If high scores were given for album art alone, New Jersey's Thank You Scientist would score big for their first full-length album, Maps of Non-Existent Places. I love sci-fi art from the classic period, especially when it's packaged in a format of early stereo records. Yet, what lies within? Something I couldn't have expected.
Here's a band of seven fellows, adept in many genres and very talented, playing about twenty different instruments, including cello, saxophone, and trumpet, to create ambitious progressive rock. I say ambitious when other words are also required. The arrangements are thick with complexity, significant mood and time changes, and individual showcase performances. There so much going on in every song, it takes several spins to wrap the arrangements around your head.
Actually, when I first listened to MoNEP, I almost considered it too complex, to the point of being cacophonous or discordant. But it's not. It's Frank Zappa meets King Crimson with a taste of the Brecker Brothers, even moments of Steely Dan and Yes. It all makes you wonder what the songwriting process is like, and if they can actually pull this stuff off live.
Yet, some of the material, while immensely sophisticated and complex, is surprisingly accessible. Blood on the Radio and Suspicious Waveforms are just two songs that both mesmerize and get into your head with ease. Largely, for me, it's the impressive engagement of horns, woodwinds, and string instruments. Sometimes TYS can get heavy and edgy, like prog metal, as on In the Company of Worms. You've got love that song title, and also A Salesman's Guide to Nonexistence, a song with a bumpy pop feel, and vocalist Salvatore Marrano sounds his closest to Jon Anderson.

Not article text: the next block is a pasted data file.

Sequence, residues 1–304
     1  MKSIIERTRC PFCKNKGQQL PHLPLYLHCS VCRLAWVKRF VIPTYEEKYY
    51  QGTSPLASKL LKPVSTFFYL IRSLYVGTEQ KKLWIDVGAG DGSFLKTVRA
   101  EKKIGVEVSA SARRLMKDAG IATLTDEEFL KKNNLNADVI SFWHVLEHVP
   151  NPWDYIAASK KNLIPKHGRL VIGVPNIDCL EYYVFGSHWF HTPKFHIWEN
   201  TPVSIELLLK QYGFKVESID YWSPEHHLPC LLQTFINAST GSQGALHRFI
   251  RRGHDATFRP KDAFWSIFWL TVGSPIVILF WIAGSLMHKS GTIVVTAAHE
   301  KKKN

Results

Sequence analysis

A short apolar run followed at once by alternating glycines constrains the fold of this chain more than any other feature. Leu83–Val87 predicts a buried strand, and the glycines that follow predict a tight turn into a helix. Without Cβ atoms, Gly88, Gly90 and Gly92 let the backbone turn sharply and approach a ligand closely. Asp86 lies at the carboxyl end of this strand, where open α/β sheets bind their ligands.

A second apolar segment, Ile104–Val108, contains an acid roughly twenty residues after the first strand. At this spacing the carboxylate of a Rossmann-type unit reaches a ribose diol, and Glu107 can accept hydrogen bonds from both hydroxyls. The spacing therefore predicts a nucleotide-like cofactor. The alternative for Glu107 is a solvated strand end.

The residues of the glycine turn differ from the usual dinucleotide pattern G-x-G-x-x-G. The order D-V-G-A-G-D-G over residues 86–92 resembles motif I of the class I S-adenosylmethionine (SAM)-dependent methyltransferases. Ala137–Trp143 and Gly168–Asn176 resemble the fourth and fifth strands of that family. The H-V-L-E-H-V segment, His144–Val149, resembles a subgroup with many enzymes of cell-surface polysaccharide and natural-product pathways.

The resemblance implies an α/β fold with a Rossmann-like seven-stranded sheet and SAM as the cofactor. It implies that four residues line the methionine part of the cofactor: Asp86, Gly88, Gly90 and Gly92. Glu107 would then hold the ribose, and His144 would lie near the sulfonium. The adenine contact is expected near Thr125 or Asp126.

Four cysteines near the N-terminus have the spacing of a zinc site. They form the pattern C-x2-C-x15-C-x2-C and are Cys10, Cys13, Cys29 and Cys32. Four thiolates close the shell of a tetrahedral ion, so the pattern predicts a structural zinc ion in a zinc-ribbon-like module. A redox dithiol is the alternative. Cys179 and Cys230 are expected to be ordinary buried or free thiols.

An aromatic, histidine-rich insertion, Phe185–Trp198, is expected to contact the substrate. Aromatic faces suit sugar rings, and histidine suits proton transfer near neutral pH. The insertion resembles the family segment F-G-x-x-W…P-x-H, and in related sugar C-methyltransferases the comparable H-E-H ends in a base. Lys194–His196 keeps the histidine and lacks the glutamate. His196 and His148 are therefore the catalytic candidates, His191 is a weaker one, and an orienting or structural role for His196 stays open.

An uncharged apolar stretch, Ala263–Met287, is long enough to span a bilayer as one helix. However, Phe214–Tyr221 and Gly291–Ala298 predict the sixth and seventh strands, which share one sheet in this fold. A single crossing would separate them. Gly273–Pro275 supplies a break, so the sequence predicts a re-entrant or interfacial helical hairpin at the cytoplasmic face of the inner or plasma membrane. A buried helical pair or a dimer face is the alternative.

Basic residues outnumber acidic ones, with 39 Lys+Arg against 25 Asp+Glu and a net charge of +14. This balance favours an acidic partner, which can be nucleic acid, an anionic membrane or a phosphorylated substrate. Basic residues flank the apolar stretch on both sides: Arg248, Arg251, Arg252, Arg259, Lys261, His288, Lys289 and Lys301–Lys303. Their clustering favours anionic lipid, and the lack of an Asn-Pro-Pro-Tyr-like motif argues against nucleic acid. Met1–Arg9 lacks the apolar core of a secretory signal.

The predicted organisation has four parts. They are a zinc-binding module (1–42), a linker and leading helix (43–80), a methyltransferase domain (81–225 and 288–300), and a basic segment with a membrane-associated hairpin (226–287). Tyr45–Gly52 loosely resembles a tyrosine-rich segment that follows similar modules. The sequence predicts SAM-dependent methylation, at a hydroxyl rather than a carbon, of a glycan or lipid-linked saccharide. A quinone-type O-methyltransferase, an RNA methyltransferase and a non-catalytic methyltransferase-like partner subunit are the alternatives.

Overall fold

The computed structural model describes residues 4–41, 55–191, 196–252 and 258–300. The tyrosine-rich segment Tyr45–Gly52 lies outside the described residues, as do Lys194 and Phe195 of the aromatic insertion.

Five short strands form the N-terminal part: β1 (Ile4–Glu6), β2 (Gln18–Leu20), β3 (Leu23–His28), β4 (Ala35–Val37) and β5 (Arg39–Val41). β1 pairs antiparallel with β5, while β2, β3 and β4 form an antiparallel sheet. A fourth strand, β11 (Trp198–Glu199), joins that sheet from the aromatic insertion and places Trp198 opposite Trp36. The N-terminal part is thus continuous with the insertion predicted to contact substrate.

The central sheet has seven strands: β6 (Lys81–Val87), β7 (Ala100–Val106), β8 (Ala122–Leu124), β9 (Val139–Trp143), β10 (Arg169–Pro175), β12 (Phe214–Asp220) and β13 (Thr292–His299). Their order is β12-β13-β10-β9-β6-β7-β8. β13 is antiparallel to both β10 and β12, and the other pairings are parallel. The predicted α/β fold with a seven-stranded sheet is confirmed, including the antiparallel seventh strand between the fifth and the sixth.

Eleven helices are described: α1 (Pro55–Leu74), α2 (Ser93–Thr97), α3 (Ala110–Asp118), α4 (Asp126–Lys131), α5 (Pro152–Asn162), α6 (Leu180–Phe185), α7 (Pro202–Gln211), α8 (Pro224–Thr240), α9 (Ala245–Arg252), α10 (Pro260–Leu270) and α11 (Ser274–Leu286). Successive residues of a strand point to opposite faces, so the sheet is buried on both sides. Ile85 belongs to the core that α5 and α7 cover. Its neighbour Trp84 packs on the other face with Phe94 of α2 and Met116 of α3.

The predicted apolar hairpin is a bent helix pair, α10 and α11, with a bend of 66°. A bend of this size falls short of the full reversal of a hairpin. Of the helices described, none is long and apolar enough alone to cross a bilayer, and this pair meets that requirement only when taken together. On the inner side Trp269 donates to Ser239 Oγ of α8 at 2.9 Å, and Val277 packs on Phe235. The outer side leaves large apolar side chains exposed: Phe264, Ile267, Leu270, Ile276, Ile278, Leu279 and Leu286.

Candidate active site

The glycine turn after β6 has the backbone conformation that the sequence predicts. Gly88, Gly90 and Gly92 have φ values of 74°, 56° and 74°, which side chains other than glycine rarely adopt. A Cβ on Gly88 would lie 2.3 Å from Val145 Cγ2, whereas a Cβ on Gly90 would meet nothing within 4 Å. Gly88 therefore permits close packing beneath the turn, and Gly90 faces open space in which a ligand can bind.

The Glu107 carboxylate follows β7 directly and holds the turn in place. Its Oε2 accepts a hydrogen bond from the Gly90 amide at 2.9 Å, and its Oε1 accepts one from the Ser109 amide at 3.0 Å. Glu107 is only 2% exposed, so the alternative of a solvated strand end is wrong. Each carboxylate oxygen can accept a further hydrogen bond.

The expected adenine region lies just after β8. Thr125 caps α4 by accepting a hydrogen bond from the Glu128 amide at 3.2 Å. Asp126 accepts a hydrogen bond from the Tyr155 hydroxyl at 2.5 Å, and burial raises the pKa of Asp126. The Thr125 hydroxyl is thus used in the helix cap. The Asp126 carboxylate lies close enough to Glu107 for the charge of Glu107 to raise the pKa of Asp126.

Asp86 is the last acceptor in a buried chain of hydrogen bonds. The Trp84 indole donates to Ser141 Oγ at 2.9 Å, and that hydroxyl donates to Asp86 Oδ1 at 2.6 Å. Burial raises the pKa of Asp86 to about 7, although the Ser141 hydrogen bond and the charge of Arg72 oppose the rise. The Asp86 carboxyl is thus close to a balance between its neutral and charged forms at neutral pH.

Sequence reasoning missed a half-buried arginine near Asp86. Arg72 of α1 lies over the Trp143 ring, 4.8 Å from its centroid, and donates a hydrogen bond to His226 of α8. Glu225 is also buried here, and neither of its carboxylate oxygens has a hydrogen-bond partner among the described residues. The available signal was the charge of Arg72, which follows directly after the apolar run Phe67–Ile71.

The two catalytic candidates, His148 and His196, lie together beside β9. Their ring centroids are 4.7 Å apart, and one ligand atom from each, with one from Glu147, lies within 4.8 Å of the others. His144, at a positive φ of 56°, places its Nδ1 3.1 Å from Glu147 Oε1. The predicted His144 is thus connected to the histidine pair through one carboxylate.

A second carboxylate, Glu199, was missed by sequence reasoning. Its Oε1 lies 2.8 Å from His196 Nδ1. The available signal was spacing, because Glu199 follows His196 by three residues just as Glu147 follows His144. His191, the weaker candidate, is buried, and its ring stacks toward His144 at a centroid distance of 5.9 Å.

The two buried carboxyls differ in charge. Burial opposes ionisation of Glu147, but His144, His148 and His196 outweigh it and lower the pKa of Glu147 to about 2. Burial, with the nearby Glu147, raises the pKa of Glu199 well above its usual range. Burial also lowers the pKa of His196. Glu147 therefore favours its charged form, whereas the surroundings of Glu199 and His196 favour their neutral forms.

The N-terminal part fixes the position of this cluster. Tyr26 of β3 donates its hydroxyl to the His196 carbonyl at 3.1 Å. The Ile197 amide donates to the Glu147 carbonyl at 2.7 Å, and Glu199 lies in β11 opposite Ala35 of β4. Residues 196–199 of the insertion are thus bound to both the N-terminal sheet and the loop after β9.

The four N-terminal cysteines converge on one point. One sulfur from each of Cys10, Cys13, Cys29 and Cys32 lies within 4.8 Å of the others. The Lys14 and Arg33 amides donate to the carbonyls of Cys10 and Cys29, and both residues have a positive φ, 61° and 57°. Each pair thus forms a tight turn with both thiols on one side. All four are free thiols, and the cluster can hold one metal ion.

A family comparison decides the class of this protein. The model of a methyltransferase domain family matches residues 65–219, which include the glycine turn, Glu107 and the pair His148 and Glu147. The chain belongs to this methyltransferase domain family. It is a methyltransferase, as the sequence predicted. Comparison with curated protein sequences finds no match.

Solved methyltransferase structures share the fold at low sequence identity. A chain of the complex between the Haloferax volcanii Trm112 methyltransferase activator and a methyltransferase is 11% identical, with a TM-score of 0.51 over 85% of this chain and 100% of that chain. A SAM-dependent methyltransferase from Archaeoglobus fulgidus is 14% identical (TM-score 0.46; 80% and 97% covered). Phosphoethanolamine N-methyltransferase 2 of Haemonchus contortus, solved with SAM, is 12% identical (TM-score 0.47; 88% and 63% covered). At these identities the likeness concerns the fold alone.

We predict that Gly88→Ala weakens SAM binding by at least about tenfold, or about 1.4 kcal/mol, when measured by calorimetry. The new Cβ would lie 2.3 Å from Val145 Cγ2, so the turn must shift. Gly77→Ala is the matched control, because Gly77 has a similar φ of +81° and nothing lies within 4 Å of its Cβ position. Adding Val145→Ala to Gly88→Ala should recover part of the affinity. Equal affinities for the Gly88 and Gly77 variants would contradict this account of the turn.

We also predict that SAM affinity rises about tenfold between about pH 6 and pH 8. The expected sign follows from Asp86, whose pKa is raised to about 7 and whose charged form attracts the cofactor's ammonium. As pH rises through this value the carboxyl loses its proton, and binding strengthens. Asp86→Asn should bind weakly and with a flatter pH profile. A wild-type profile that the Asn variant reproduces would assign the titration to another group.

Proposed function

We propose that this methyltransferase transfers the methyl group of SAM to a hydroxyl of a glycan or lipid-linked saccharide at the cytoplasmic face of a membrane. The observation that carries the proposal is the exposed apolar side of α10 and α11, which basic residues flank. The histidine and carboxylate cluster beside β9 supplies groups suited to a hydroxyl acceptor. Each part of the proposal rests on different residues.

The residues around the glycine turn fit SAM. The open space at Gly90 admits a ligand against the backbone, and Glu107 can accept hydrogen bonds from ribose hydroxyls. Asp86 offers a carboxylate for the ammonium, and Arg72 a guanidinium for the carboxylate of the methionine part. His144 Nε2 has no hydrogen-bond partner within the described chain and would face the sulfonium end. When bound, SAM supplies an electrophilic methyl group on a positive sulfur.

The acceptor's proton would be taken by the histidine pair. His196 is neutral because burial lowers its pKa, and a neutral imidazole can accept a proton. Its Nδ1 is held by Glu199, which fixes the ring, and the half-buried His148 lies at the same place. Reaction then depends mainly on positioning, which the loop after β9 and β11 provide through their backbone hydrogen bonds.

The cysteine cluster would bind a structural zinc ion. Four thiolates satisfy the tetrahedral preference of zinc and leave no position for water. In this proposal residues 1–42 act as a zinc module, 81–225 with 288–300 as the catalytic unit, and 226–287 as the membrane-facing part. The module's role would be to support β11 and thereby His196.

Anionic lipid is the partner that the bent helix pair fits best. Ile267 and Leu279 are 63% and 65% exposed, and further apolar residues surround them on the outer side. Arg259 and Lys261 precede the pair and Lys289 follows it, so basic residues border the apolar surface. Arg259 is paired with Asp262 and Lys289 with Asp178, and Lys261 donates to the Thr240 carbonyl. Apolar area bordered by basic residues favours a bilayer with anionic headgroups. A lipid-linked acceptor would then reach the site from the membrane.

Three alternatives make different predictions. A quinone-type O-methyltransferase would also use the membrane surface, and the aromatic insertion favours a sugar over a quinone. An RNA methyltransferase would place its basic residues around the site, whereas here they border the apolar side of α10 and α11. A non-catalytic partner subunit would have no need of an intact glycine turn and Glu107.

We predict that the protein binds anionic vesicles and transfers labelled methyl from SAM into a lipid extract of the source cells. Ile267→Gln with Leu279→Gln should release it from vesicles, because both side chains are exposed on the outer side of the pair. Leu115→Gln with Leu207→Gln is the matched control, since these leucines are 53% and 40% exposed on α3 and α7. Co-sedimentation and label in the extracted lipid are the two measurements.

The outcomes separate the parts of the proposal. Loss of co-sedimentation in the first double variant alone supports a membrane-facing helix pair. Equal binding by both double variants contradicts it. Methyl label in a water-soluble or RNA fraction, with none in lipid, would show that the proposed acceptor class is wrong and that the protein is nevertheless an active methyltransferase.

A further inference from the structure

Fundamentally, Maps of Non-Existent Places is a terrific album of modern progressive rock, sophisticated and innovative, yet also inspired by the classic tradition of the genre. Strongly recommended.
Thank You Scientist's Maps of Non-Existent Places is a terrific album of modern progressive rock, sophisticated and innovative, yet also inspired by the classic tradition of the genre.